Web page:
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Laws and treaties now protecting the rights of children can be found in:
- The UN Convention on the Rights of the Child (“UNCRC”) which covers all aspects of a child’s life and sets out the civil, political, economic, social and cultural rights to which all children are entitled.
- The UN Convention on the Rights of Persons with Disabilities which protects the rights of all disabled children, including children and young people.
- The European Convention on Human Rights (“ECHR”) which protects the rights of all people, including children and young people.
- The Human Rights Act 1998 which makes the rights in the ECHR part of domestic law.
- The Equality Act 2010 which makes it illegal to discriminate against children.
Within this family of closely associated rights also sits the Children Act 1989 and the Adoption and Children Act 2002, which both provide for the rights of children by enshrining in law the principle that a child’s welfare is to be the paramount consideration. So, in all instances where a Court has to determine any question with respect to the upbringing of a child, their adoption, the administration of their property, or the application of any income arising from it, the paramountcy of the child’s welfare is likely to trump and outweigh the rights of the parents. In other words, a child’s welfare rules upon, or determines, the course to be followed by the Court.
The word parent is not defined in the Children Act 1989, but Baroness Hale of Richmond, giving judgement in the House of Lords in Re G (Children)  UKHL 43, suggested that there were three ways a person could become a natural parent of a child: firstly, genetic parenthood, where the parent provides the sperm/egg which produces the child; secondly, gestational parenthood, where the parent conceives and gives birth to a child; and, thirdly, by social and psychological parenthood, where the child demands and the parent provides for the child’s needs and thus makes an important contribution to their welfare.
In most instances, the natural mother combines all three facets: she is the genetic, gestational and psychological parent. By contrast, the natural father frequently combines genetic and psychological parenthood. But there are also parents who are neither genetic nor gestational, but who become the psychological parent of a child. Step-parents fall into this category.
Parental Responsibility is recognised as being the most important aspect of being a parent as it refers to those who have rights, obligations, and authority in respect of the child, and is fundamental to being able to act effectively as a parent. The Children Act 1989 defines PR as being, “all the rights, duties, powers, responsibilities and authority which by law a parent of a child has in relation to the child and his property”.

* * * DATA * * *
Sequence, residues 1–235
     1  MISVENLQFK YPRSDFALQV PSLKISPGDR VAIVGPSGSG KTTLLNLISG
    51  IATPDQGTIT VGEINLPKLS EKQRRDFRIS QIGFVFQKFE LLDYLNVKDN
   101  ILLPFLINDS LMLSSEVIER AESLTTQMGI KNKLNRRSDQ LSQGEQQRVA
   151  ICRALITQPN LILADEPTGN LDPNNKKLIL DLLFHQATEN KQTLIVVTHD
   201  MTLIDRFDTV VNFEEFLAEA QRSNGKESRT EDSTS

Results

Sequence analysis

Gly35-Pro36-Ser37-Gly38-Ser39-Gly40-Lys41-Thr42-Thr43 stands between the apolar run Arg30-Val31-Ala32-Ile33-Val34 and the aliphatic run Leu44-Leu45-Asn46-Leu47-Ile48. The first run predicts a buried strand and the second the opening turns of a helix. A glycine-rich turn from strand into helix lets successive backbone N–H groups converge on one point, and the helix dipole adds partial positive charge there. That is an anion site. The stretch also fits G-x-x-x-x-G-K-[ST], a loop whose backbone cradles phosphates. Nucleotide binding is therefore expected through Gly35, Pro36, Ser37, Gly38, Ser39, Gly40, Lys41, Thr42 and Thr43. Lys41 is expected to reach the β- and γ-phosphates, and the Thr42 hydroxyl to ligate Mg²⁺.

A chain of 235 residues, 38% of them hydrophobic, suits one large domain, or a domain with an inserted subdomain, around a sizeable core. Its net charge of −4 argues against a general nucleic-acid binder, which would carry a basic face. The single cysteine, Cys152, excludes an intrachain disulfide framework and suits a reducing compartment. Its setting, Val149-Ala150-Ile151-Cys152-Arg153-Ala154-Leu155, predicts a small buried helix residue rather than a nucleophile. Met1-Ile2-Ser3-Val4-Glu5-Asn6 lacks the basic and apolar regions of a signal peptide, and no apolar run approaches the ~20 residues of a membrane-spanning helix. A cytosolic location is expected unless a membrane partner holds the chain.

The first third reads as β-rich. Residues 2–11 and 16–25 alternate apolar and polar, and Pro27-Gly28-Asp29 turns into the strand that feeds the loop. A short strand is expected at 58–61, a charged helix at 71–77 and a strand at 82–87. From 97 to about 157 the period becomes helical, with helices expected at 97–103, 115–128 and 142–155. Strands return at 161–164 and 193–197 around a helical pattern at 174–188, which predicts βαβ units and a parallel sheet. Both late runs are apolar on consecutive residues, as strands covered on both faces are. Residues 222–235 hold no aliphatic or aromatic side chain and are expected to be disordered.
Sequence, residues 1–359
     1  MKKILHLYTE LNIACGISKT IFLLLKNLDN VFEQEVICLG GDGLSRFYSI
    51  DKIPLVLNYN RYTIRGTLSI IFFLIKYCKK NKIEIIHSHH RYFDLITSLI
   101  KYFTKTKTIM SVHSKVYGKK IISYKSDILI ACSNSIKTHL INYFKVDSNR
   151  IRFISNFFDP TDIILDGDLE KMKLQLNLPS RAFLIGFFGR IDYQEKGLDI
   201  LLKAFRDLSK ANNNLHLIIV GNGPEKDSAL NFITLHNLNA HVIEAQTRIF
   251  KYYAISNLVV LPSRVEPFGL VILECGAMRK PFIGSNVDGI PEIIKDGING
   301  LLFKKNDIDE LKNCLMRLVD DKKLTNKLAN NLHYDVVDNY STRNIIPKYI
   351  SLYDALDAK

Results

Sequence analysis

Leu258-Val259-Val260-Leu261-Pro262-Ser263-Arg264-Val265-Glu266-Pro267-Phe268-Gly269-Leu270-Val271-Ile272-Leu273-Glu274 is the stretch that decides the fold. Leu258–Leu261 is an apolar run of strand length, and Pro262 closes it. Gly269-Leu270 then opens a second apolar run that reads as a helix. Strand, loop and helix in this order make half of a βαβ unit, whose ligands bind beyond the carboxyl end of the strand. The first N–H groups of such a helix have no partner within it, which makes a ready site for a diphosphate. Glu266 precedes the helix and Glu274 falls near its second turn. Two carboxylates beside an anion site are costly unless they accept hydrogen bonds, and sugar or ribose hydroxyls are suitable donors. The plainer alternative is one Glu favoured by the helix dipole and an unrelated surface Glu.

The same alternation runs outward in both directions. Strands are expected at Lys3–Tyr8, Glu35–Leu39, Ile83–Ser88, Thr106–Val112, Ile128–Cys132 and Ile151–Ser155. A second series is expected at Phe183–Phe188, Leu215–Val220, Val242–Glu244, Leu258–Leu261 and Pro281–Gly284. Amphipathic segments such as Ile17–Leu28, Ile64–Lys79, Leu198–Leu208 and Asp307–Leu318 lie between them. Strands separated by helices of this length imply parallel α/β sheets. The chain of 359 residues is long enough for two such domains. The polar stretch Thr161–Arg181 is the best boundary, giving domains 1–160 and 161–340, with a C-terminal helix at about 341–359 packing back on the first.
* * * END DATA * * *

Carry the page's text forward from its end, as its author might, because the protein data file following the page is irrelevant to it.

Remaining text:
PR is generally accepted to include, but is not limited to:
- the right and duty to care for the child and provide a home;
- to determine where the child should live;
- to consent to medical treatment or obtain medical treatment for the child;
- to name the child; and,
- to determine where the child should be educated.
All birth mothers automatically have PR, as does the father who was married to the mother at the time of the birth. A father who is not married to the mother, but is (after the 1 December 2003) registered on the child’s birth certificate also has PR. A person who lawfully adopts a child automatically acquires PR too.
A step-parent will not automatically get PR for a child if they marry or enter into a civil partnership with the child’s parent. However, such a step-parent can acquire PR by entering into a formal agreement with those parties who have PR in respect of the child, or alternatively, the step-parent can apply to the Court for a Parental Responsibility Order under the provisions of the Children Act 1989.
Births after 6 April 2009 within civil partnerships involving artificial insemination, and complying with the provisions of the Human Fertilisation and Embryology Act 2008, enable the non-biological female partner to be registered as the child’s parent too; and, in those circumstances, the birth mother and her civil partner will each have PR.
A biological father who does not automatically have PR can acquire it by marrying the biological mother or by entering into a formal agreement with her, or by securing an Order, pursuant to the Children Act 1989, giving him PR. However, such an application will fall to be considered in the light of the child’s welfare.
Issues concerning children’s rights and the exercise of PR (or obtaining PR) are often played out in emotionally charged situations within complex family arrangements. When faced with such issues it is vital to be able to turn to a trusted advisor who fully understands the law in relation to such matters. Here at Roythornes, our specialist Family team has the skills and experience to be able to advise you about all aspects of the law as it affects children and their parents, or those in the role of parents.